And, by the by, the University of Cyprus has been studying the ‘Cypriot microbiome’ for the past two years to map whether Cypriots have ‘common’ microbiota as far as that’s possible to see and if there is a connection with the local diet. Using samples from patients’ colons, the study will be ready in around three years, Potamitis said. “Maybe this can be used in a future study on different diseases and how we can improve the microbiota.”
As far as testing your microbiota to see whether you have dysbiosis, Potamitis said tests can be done for known specific harmful pathogens, but generalised stool tests that are done abroad, he said did not have much use in clinical practice at the moment as it is not yet known when it comes to the individual what would be normal or abnormal.
“In clinical practice we are not convinced yet that there are good techniques, as everyone is different.”
Diet is of course also a confusing issue with contradictory information coming out all the time.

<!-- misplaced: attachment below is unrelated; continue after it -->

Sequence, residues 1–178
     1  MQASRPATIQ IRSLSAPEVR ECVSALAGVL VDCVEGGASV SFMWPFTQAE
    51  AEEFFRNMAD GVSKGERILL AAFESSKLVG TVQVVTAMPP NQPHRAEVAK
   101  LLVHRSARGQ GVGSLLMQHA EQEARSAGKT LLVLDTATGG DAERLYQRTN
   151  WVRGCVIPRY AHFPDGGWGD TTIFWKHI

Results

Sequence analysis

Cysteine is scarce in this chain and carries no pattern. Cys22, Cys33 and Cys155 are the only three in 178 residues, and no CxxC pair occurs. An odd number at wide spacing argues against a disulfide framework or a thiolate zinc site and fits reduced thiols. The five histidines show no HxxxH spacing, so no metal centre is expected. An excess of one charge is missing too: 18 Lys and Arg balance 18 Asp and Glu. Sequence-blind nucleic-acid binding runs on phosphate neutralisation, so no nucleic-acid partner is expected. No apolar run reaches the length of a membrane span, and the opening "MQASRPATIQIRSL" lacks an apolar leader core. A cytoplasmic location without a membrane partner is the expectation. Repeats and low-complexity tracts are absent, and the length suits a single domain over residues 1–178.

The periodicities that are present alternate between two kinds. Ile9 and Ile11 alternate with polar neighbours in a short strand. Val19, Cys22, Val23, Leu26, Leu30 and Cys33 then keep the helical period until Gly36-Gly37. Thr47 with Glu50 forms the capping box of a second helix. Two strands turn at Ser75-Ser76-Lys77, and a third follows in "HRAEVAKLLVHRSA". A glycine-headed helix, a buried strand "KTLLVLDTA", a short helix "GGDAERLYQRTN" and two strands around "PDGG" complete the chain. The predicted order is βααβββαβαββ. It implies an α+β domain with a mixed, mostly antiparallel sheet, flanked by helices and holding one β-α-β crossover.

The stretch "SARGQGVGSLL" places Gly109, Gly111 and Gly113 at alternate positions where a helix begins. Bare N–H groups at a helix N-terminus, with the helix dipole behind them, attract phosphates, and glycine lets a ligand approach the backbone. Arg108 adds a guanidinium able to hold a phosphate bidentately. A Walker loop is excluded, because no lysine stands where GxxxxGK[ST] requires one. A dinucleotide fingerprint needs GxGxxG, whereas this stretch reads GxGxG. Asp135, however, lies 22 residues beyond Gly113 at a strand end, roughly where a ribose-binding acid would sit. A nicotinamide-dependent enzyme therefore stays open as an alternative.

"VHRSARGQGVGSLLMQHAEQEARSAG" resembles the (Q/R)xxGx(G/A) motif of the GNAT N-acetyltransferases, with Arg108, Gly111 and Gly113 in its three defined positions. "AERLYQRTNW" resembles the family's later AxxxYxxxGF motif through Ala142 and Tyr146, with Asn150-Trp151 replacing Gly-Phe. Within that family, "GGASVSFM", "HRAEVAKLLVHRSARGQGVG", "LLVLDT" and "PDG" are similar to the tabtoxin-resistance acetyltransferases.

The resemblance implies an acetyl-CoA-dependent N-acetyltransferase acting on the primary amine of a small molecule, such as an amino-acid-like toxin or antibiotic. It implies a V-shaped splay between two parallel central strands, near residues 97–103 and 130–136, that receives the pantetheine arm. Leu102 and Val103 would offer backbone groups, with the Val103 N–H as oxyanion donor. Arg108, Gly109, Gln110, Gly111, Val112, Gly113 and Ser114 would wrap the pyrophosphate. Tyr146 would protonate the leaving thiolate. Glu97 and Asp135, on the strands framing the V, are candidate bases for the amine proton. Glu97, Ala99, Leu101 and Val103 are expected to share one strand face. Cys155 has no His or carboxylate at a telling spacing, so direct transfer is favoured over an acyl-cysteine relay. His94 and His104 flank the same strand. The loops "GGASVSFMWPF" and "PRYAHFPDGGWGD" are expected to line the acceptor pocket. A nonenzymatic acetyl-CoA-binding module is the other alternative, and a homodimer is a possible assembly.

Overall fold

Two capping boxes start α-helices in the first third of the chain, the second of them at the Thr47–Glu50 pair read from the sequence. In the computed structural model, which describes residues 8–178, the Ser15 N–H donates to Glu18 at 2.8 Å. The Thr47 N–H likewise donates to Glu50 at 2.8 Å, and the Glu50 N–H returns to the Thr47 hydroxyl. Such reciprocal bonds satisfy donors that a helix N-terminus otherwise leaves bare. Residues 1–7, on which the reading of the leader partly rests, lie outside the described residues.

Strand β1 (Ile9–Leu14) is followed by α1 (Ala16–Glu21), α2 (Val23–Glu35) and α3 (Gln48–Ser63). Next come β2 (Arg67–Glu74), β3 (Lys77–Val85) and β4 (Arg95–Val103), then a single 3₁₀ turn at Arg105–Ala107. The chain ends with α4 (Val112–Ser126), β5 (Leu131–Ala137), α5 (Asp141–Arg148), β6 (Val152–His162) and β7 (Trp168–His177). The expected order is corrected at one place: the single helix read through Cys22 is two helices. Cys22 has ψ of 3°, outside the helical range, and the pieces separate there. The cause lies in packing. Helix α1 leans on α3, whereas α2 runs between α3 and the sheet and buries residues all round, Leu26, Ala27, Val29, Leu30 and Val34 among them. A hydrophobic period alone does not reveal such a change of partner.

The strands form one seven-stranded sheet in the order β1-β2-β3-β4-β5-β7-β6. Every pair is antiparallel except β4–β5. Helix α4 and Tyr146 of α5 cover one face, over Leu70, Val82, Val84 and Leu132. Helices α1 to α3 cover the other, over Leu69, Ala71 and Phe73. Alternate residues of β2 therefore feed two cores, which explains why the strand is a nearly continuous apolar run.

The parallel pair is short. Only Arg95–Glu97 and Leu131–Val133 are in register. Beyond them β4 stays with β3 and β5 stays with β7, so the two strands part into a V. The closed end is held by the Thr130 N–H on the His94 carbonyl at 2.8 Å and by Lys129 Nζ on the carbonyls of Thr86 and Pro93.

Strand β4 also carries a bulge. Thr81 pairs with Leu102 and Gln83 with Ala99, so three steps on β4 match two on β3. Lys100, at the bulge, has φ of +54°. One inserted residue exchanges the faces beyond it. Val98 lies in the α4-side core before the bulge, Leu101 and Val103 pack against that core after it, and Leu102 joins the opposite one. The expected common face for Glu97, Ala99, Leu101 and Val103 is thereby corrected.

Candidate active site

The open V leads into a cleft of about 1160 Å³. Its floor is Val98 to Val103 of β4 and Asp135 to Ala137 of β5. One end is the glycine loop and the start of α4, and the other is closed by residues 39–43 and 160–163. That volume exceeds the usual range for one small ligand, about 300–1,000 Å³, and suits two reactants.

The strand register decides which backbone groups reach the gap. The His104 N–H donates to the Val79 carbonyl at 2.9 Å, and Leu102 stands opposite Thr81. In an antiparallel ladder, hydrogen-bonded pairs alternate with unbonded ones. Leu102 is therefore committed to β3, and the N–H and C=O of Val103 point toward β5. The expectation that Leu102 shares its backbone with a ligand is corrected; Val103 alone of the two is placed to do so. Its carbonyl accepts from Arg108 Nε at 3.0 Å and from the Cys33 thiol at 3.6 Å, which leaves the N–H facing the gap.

But if diversity of the microbiota is the key to gut health, and in turn, overall health and a strong immune system, then a diverse diet would seem to be a good place to start until the science is properly in, because right now it is not.
The whole truth may not be out there yet, but some of it is, and advances in studying the human microbiome and its role in disease is gaining ground rapidly.
“I believe the study of microbiota and their role is the future when it comes to disease,” said Potamitis. “This is only recent knowledge but it’s getting there.”